“It’s a fantasy world”: Eniola Aluko on how to stop comparing yourself to others on Instagram

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Pro footballer and author Eniola Aluko shares her advice on how to stamp out that all-too-familiar itch to compare yourself to people on Instagram, and how to find inner strength in moments of vulnerability.

Looking to be inspired by incredible women? Welcome to our new column, ‘This is what strong looks like’.

This week, pro footballer and author Eniola Aluko talks to Stylist as she publishes her first book, They Don’t Teach This.

What does strong mean to you?

Obviously there’s a physical strength that you can feel in your body, but internally, you can also be very strong when going through difficult moments in life. This could be something unexpected, for example, or a family issue – whatever it may be that challenges you and makes you feel vulnerable. There is strength in knowing that you’re going to come out of it the other end. 

One thing I’ve learnt is that vulnerability is strength – for example, being able to look yourself in the mirror and think, I can be better than that, or being open with people and being honest. In this day and age, where everyone puts out edited versions of themselves, sometimes without even trying, then being your true self is strength.

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Footballer Eniola Aluko shares her advice on how to stop comparing yourself to other people on Instagram.

So what part of physical strength plays into strength?

When it’s my job, I have to train every day, work out and play football, so I have to be in my best physical state. That requires endurance, speed, the right nutrition – that’s the fundamental bases of what I do. I’m 32 years old, but I feel 25!

Now we train to such a high level in women’s sports, and we have access to all the facilities that men do, whereas before we were half and half. But now, you only see athletes on the field, which is only going to help the game.

What about mental strength, how do you measure that?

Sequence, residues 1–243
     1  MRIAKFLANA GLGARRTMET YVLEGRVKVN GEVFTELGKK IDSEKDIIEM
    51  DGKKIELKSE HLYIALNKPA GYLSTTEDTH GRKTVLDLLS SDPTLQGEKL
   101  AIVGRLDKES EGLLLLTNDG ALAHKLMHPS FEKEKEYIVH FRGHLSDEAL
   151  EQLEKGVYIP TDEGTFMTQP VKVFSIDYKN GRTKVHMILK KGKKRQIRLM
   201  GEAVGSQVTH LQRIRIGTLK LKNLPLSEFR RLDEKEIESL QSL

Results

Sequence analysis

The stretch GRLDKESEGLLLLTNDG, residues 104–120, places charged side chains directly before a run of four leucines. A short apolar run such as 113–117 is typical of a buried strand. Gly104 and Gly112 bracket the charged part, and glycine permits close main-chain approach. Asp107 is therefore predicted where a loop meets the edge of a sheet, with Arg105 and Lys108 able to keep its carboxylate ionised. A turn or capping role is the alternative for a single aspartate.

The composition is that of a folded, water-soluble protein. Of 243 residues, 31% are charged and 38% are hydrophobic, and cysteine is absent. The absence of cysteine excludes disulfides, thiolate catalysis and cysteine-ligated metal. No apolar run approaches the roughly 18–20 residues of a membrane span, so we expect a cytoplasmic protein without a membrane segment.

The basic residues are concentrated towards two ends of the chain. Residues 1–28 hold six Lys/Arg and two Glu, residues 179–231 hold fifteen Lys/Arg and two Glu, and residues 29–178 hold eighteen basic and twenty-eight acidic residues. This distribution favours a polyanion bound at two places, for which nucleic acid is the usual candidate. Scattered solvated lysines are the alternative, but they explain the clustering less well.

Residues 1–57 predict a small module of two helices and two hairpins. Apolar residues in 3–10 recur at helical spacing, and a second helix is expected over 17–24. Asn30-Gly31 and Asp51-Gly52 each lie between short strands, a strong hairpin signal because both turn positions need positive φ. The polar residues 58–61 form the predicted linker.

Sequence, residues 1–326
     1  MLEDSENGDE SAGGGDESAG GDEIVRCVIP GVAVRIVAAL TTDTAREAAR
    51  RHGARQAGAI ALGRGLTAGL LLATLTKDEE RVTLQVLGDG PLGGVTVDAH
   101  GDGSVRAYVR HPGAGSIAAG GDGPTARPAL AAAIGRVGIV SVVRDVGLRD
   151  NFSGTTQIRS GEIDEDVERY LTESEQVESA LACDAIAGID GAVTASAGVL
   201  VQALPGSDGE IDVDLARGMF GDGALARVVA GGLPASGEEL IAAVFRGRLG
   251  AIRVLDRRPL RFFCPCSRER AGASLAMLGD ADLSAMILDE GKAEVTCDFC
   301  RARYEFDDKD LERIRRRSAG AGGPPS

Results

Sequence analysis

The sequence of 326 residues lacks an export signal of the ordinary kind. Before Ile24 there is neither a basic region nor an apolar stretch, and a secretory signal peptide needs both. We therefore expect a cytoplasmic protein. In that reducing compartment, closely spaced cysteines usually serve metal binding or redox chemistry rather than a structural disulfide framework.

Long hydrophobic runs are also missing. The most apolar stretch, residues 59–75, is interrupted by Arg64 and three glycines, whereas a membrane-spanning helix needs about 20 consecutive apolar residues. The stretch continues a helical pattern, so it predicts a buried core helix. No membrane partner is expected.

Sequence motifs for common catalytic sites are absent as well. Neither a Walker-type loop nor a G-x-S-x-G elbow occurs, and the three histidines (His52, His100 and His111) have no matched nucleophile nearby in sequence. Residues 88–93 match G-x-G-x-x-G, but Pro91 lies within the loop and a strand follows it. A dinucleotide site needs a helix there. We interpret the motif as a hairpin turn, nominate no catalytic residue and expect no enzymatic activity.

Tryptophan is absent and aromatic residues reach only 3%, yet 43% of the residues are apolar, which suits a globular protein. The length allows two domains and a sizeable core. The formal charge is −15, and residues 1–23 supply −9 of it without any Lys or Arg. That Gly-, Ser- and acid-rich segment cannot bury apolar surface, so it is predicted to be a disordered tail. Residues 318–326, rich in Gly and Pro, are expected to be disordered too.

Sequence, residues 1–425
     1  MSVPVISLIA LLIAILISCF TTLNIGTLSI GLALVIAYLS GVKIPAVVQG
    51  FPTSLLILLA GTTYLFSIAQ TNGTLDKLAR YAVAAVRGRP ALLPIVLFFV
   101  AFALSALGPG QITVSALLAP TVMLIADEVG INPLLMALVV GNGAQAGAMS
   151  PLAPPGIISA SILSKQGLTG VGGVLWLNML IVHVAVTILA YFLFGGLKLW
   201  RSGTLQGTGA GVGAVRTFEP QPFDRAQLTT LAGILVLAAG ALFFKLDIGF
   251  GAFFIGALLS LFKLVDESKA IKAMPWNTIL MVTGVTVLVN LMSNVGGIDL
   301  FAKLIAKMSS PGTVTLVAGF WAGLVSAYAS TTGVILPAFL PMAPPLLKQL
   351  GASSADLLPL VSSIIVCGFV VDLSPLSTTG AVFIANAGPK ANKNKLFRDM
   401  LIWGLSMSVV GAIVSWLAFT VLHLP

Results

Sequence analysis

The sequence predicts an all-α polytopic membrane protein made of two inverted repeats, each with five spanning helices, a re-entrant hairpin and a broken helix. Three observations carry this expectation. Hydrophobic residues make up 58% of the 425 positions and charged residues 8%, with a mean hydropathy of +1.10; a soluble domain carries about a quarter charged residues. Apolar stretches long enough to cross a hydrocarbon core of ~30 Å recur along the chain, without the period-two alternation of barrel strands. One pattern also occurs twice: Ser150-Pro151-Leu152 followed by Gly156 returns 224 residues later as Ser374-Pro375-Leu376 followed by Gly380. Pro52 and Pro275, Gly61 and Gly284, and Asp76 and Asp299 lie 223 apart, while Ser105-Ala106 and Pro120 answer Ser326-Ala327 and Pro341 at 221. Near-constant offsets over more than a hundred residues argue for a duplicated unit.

I think mental strength is being able to say “I’m really scared of this but I’m going to do it anyway” or “I really don’t feel good about this situation but I can see the light at the end of the tunnel”. I think it’s about facing something that you know is challenging, but moving toward it with a positive attitude, and knowing that it will help you grow. For others, mental strength might be about staying silent in certain situations where people expect them to react, so it’s different depending on your situation.

What impact does mental strength have on your life?

Mental health has become much more of an open conversation now. It’s kind of at the forefront of people’s minds – mindfulness is everywhere. Although you can’t control your own thoughts, I do think mental strength is important.

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Eniola Aluko: "Nobody should feel inadequate [when looking on Instagram], because nobody is the finished product."

How do you motivate yourself? (Not just for gym, but also in life?)

The main thing I do is listen to people who I think are strong and wise. I listen to a lot of motivational speakers, and spend my time with people who have good energy. A lot of time when I go out with my friends I just sit there and don’t say anything because I feel good. For example, I had a book launch recently and the energy in the room was just amazing – I was buzzing from seeing everyone. You need to be really selective about the energy around you within your friends and family.

In terms of social media, a lot of people can feel inadequate looking online. So what would be your advice?

With social media, I think you have to look at it through the lens of it being a fantasy world. The pictures are real, but it’s a fantasy in a way because everyone you see is going through something, but they’ve edited the picture to make themselves feel comfortable.

Nobody should feel inadequate [when looking on Instagram], because nobody is the finished product. OK, it might look good and you might like the picture, but that doesn’t mean that person is better than you.

What’s your advice for women who want to get strong mentally and physically?

Physically, I would say exercise, work out, and be disciplined. Make a commitment and write it down, so you can see what you want to get out of it.

Mentally, it’s about being able to understand where your mind is, and not pretending that you’re OK if you’re not. I’m a big believer in therapy so go there if you can; [and] you can have therapy to just maintain how you feel.

Again, it’s about understanding the reality of some of the things that affect us. Understanding that things like Instagram aren’t real, and surrounding yourself with positive energy. That will make you feel good.  

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They Don’t Teach This by Eniola Aluko is available to buy now (Penguin, £10).

Images: Getty

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Sarah Biddlecombe

Sarah Biddlecombe is an award-winning journalist and Digital Commissioning Editor at Stylist. Follow her on Twitter

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